David Lorne Tyrrell

University of Alberta, Edmonton, Alberta, Canada

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Publications (4)23.02 Total impact

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    ABSTRACT: Immune regulation of cellular metabolism can be responsible for successful responses to invading pathogens. Viruses alter their hosts' cellular metabolism to facilitate infection. Conversely, the innate antiviral responses of mammalian cells target these metabolic pathways to restrict viral propagation. We identified miR-130b and miR-185 as hepatic microRNAs (miRNAs) whose expression is stimulated by 25-hydroxycholesterol (25-HC), an antiviral oxysterol secreted by interferon-stimulated macrophages and dendritic cells, during hepatitis C virus (HCV) infection. However, 25-HC only directly stimulated miR-185 expression, whereas HCV regulated miR-130b expression. Independently, miR-130b and miR-185 inhibited HCV infection. In particular, miR-185 significantly restricted host metabolic pathways crucial to the HCV life cycle. Interestingly, HCV infection decreased miR-185 and miR-130b levels to promote lipid accumulation and counteract 25-HC's antiviral effect. Furthermore, miR-185 can inhibit other viruses through the regulation of immunometabolic pathways. These data establish these microRNAs as a key link between innate defenses and metabolism in the liver.
    No preview · Article · Oct 2015 · Nature Chemical Biology
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    ABSTRACT: Cell death-inducing DFF45-like effector B (CIDEB) is an apoptotic host factor, which was recently found to also regulate hepatic lipid homeostasis. Herein we delineate the relevance of these dual roles of CIDEB in apoptosis and lipid metabolism in the context of the hepatitis C virus (HCV) replication. We demonstrate that HCV up-regulates CIDEB expression in human serum (HS) differentiated hepatoma cells. CIDEB overexpression inhibits HCV replication in HCV replicon expressing Huh7.5 cells, while siRNA knockdown of CIDEB expression in HS differentiated hepatoma cells promotes HCV replication and secretion of viral proteins. Furthermore, we characterize a CIDEB mutant, KRRA, which is deficient in lipid droplet (LD) clustering and fusion and demonstrate that CIDEB-mediated inhibition of HCV is independent of the protein's LD fusogenic role. Our results suggest that higher levels of CIDEB expression, which favour an apoptotic role for the host factor, inhibit HCV. Collectively, our data demonstrate that CIDEB can act as an anti-HCV host factor, and contribute to altered triglyceride homeostasis. This article is protected by copyright. All rights reserved.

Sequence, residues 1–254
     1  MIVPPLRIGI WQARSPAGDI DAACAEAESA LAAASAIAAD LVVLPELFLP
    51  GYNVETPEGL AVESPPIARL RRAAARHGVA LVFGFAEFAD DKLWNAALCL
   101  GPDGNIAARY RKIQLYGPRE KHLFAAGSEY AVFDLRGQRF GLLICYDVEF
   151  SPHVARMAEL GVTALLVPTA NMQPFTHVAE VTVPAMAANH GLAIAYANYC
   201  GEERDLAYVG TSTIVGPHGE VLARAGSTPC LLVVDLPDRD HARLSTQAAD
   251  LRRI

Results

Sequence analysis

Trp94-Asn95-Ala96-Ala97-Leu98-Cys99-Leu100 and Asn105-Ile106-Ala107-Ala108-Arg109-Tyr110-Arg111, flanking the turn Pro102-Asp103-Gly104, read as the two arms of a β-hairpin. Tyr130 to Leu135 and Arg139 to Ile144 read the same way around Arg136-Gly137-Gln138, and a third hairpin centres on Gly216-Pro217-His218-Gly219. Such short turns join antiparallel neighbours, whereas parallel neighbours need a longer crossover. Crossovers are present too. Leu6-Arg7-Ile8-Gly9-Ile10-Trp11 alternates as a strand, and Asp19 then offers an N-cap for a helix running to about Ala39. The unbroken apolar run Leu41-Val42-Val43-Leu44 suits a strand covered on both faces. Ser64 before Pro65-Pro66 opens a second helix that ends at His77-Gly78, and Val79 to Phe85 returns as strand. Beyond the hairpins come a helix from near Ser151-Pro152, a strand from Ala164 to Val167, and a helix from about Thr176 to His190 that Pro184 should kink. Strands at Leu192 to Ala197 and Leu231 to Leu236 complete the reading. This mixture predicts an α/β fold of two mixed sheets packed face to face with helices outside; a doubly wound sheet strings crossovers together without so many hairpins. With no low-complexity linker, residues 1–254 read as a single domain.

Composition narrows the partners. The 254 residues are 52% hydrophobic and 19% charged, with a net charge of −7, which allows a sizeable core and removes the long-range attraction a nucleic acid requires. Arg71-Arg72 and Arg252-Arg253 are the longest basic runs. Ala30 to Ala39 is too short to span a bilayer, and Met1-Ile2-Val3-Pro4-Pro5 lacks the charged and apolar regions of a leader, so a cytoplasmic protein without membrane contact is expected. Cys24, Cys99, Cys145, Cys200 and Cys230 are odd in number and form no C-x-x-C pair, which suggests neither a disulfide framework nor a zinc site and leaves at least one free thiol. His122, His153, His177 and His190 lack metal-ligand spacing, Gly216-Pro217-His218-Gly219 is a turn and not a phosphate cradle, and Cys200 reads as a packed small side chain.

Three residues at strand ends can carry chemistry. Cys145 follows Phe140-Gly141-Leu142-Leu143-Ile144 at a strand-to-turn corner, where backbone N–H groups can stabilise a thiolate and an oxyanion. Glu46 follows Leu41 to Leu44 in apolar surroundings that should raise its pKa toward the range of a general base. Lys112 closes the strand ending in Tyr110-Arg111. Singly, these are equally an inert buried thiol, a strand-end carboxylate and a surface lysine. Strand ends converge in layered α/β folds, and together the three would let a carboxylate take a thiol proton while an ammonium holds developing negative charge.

No preview · Article · Jun 2014 · FEBS Journal
  • Li Zhao · David Lorne Tyrrell
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    ABSTRACT: Abstract Myeloid dendritic cells (mDCs) are the most potent professional antigen-presenting cells that regulate specific T-cell responses. Here we studied the ability of mDCs to kill T cells during HCV infection. We found that mDCs from chronic hepatitis C (CHC) patients expressed upregulated levels of two inhibitory ligands, Fas ligand and the ligand 2 of PD-1 (PD-L2), compared to healthy mDCs. However, their expression of the ligand 1 of PD-1 (PD-L1), tumor necrosis factor-related apoptosis inducing ligand (TRAIL), and B lymphocyte stimulator (BLyS) on the cell surface was comparable to healthy mDCs. CHC patient mDCs had cytotoxic effects on autologous patient T cells and allogeneic healthy T cells. CHC patient T cells had increased expression of PD-1 compared to healthy T cells. These results indicate that the cytotoxic activity of mDCs is upregulated to kill T cells during chronic HCV infection, which represents a novel mechanism of HCV immune evasion.
    No preview · Article · Feb 2013 · Viral immunology
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    ABSTRACT: Hepatitis C virus (HCV) relies on many interactions with host cell proteins for propagation. Successful HCV infection also requires enzymatic activity of host cell enzymes for key post-translational modifications. To identify such enzymes, we have applied activity-based protein profiling to examine the activity of serine hydrolases during HCV replication. Profiling of hydrolases in Huh7 cells replicating HCV identified CES1 (carboxylesterase 1) as a differentially active enzyme. CES1 is an endogenous liver protein involved in processing of triglycerides and cholesterol. We observe that CES1 expression and activity were altered in the presence of HCV. The knockdown of CES1 with siRNA resulted in lower levels of HCV replication, and up-regulation of CES1 was observed to favor HCV propagation, implying an important role for this host cell protein. Experiments in HCV JFH1-infected cells suggest that CES1 facilitates HCV release because less intracellular HCV core protein was observed, whereas HCV titers remained high. CES1 activity was observed to increase the size and density of lipid droplets, which are necessary for the maturation of very low density lipoproteins, one of the likely vehicles for HCV release. In transgenic mice containing human-mouse chimeric livers, HCV infection also correlates with higher levels of endogenous CES1, providing further evidence that CES1 has an important role in HCV propagation.
    Preview · Article · Aug 2010 · Journal of Biological Chemistry